Today I went to visit a friend and had a lovely morning playing with dogs, that was until Artemis and Humboldt decided to chase the cockerel - we all left chastened by the behaviour. I hope the cockerel is not too traumatised, the two puppies barely batted an eye lid when they were told off and are now out playing on the lawn here at home.
Coming home I stopped the car and just looked at this view for several minutes. It reminded me to look at the bigger picture (I live on the right hand slope of the mountain in the centre in the far distance). We get so caught up in the minute details of our every day lives that sometimes we forget to refocus and look outside the box we live in.
We have the ability to pan in and out though we often get so caught up and wrapped up in our own importance that it takes a major shock to jolt us out of that habit pattern behaviour.
A few weeks ago I left the last job that linked me to the horse racing world, it was a habit, it was cosy (in a fashion) but for me it was not healthy to be involved any longer. I have been twiddling with the view finder on my life looking to bring the new into focus - but I am not sure what I am looking for, I am scanning the environment looking for that point that triggers my interest before I focus in on it.
Sometimes though what we are meant to see is not always visible from where we are standing (see Perspective) or we are relying on other parties to remove the invisibility cloak.
So here I am / was sitting on the hill, looking over the panorama spread out in front of me looking for the route that I am going to venture out on. I know what / where I would like to head but not sure if that is in the Divine plan or other peoples' plans for me.
Picture was taken from the boarder between Tipperary and Waterford looking north east
The power of a smell: the memories that can be dredged up, the emotions that can be stirred all by a smell.
Some friends came over on Sunday night and very kindly brought me roses, the smell in the house at the moment is divine.
Out riding this morning the smell of elderflowers and honeysuckle on the damp warm breeze, suddenly I was back at school with the smell of beeswax in the library, the doors open and the smell of honeysuckle drifting through the windows while studying for my final secondary school exams; next thing I am transported to the fields at home when I was a child and the sweet smell of the elderflowers all creamy fluffy and lacy. All of a sudden that trigger of beeswax, which I had not smelt but was a smell association, has taken me from a really happy relaxed childhood memory to one of fear and trepidation of my first night at boarding school when I was eight years old. Then Wham! Philadelphus wafts through the air and I am back at my childhood home again.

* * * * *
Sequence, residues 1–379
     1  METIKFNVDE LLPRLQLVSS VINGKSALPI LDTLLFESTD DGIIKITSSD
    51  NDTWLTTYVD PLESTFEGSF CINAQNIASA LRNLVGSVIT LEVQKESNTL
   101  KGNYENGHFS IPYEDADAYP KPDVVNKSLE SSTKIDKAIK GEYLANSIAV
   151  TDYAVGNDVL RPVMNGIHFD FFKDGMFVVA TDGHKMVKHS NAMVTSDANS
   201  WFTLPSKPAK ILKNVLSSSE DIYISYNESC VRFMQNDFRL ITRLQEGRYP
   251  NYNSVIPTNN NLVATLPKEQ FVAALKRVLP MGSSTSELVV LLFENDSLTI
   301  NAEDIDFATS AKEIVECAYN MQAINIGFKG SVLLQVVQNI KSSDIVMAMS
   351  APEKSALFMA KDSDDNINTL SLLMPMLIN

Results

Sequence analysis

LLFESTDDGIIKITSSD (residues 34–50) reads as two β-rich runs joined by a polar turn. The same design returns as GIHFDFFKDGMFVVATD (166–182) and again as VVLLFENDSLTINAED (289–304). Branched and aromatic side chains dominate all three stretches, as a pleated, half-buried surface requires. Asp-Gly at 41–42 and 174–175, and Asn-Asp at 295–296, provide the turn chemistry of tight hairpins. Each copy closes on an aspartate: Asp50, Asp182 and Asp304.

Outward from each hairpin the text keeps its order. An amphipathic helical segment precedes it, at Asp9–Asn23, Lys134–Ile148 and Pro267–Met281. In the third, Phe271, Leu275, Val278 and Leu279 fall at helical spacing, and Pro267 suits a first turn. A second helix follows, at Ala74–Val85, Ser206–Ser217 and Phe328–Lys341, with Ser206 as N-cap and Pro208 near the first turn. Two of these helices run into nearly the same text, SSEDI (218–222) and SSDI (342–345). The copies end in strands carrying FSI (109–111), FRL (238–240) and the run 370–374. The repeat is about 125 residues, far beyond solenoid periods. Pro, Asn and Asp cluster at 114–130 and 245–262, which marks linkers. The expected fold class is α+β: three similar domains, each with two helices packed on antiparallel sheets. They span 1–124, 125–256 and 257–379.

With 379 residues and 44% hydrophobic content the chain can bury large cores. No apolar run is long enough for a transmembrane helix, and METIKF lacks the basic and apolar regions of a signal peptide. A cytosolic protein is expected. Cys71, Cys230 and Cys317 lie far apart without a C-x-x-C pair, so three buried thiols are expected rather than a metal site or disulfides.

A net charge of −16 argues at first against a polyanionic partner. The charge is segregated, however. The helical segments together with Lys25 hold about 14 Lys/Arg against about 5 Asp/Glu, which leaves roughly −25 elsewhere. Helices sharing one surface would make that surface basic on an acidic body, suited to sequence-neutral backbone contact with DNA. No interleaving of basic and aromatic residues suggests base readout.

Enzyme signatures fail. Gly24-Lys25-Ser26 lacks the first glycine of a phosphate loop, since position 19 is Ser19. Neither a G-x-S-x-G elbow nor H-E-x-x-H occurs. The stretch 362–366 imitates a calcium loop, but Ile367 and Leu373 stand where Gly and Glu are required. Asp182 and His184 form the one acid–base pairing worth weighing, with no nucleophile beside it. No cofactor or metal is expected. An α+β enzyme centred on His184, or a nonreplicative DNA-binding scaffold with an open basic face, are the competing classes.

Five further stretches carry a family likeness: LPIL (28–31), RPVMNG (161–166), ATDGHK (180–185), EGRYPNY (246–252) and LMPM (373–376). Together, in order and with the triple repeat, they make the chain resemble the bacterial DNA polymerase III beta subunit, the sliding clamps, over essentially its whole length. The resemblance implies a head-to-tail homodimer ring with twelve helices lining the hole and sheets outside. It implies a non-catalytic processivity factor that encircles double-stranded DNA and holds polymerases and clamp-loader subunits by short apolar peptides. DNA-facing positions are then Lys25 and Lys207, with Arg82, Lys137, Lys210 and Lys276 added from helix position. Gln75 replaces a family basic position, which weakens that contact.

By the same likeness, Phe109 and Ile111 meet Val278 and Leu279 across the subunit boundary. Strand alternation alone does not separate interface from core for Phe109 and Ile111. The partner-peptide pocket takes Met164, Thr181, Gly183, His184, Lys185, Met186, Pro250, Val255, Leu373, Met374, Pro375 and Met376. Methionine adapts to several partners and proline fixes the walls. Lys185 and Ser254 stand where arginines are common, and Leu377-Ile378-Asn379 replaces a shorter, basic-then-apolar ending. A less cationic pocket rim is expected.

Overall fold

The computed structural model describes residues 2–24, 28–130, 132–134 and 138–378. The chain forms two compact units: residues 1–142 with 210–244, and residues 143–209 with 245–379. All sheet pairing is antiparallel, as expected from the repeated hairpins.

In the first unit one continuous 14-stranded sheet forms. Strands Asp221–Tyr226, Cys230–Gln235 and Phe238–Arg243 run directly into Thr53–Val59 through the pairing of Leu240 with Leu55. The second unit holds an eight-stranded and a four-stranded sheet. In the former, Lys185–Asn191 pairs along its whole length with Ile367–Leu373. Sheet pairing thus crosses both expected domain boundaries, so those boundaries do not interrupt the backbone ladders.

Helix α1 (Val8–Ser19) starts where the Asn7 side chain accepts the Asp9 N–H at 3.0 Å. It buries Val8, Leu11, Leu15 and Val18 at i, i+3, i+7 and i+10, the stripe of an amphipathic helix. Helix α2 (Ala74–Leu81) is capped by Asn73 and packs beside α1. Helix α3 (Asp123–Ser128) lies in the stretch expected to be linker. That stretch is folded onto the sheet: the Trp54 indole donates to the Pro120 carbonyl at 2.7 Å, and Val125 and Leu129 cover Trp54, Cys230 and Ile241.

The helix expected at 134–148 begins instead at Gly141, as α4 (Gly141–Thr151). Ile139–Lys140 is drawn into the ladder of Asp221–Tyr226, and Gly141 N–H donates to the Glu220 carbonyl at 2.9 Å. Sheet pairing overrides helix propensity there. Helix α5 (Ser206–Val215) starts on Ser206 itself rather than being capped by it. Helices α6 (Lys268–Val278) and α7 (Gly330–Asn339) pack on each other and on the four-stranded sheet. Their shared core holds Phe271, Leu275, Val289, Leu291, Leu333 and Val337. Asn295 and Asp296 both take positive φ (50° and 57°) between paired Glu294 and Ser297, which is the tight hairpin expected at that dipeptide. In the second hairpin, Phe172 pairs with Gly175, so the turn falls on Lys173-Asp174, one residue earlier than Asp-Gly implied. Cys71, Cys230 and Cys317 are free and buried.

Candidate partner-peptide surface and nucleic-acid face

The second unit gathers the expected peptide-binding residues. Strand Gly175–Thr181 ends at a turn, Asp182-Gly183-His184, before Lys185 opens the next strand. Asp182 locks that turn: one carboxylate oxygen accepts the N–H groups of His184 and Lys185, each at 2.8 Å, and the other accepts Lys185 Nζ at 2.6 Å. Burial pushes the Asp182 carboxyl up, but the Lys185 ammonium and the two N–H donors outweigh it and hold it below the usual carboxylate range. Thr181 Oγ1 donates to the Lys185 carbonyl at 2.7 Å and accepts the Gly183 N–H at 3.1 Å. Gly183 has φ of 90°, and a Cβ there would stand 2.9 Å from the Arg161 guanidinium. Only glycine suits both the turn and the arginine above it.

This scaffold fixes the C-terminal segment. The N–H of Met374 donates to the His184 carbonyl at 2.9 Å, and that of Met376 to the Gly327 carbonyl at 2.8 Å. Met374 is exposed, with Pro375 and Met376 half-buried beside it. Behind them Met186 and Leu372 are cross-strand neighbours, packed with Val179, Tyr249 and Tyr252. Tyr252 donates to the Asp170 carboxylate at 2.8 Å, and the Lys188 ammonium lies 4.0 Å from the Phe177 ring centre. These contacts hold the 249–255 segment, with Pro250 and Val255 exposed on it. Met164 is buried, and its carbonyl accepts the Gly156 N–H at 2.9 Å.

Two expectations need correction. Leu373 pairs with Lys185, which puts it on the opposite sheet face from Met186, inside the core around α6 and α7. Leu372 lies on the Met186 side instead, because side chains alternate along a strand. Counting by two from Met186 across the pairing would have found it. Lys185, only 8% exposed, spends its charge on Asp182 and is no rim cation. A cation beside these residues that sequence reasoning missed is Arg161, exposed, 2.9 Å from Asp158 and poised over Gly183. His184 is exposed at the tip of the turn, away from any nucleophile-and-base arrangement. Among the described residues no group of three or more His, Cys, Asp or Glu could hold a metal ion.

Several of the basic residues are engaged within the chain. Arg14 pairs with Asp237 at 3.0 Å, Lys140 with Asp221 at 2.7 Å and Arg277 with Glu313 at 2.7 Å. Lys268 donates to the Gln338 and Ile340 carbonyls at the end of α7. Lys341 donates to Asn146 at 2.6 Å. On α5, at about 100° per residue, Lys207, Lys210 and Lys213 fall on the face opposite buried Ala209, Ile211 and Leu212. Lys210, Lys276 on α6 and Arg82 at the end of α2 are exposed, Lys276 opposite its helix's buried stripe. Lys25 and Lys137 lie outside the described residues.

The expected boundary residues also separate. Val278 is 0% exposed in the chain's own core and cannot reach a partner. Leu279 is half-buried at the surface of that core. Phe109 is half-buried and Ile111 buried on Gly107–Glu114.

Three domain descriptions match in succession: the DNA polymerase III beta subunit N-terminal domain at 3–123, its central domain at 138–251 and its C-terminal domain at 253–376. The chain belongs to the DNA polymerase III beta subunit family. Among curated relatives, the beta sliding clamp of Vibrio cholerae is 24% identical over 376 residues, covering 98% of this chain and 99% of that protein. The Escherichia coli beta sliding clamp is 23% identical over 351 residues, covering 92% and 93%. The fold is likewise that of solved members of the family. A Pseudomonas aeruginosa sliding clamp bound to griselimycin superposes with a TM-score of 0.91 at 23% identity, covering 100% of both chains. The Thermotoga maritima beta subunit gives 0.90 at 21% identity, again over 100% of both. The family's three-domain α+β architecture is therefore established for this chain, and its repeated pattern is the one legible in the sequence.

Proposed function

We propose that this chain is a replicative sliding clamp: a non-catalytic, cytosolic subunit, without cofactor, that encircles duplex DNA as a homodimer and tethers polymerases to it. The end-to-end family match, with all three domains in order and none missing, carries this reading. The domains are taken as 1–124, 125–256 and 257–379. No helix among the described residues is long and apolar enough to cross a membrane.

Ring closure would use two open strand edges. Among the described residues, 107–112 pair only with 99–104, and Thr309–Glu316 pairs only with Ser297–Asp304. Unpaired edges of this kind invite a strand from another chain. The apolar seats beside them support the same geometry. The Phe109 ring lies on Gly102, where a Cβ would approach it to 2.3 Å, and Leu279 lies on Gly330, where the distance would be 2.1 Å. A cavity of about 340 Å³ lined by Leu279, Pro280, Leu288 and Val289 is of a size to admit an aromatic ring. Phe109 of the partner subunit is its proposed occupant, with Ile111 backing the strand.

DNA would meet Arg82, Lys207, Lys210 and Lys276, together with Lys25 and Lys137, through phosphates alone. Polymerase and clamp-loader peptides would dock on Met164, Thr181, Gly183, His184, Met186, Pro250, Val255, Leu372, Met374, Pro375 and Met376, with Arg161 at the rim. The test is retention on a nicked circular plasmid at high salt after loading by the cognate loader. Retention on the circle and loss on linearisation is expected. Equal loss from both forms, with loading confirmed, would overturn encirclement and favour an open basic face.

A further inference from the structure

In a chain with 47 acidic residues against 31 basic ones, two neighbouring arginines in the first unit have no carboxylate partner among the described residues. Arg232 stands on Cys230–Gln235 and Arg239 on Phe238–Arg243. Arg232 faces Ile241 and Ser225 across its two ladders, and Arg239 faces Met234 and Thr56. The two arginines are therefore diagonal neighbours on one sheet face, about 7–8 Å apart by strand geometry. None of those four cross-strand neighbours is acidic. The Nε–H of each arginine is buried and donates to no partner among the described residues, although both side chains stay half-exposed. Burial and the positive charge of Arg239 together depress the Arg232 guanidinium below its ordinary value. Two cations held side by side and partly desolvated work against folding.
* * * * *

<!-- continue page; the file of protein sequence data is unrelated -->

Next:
That sense of smell is so powerful with so many associations that for no apparent reason at all our emotions can end up being tossed like a dingy in a sudden squall. Every day there are thousands of triggers and not all of them cause a reaction that we are aware of consciously but the body may have subtle reactions that we are not aware of at the time. It is only later maybe hours or days later that the 'symptom' materialises but our association of the smell that triggered is long forgotten.
Sometimes we have words that trigger an association with smells - this morning I had the radio on in the kitchen while I was pottering about; Eritrea was mentioned and the border war there at the end of the 1990s. I was in Eritrea working in 1997 for some reason I could suddenly smell the dust and the heat, next came the cardamon tea and a memory of a small boy aged somewhere between 6-8 who wanted to study, he was living with his grandmother at the time. I think my boss bought him some copy books and pencils as well as a basket of fruit. Now twenty years later (well it will be in July) I wonder what happened to that boy, is he in Eritrea, was he forced to immigrate or was he killed during the bombing of Asmara in 1998.
We touch indirectly so many people in our lives and sometimes the power of a simple smell can take us off down rabbit holes that we never even thought of.
Sacha Maxwell Adv CBP PaRama Practitioner Certified BodyTalk Access Trainer
Advanced BodyTalk practitioner at Slievenamon Holistic Therapy.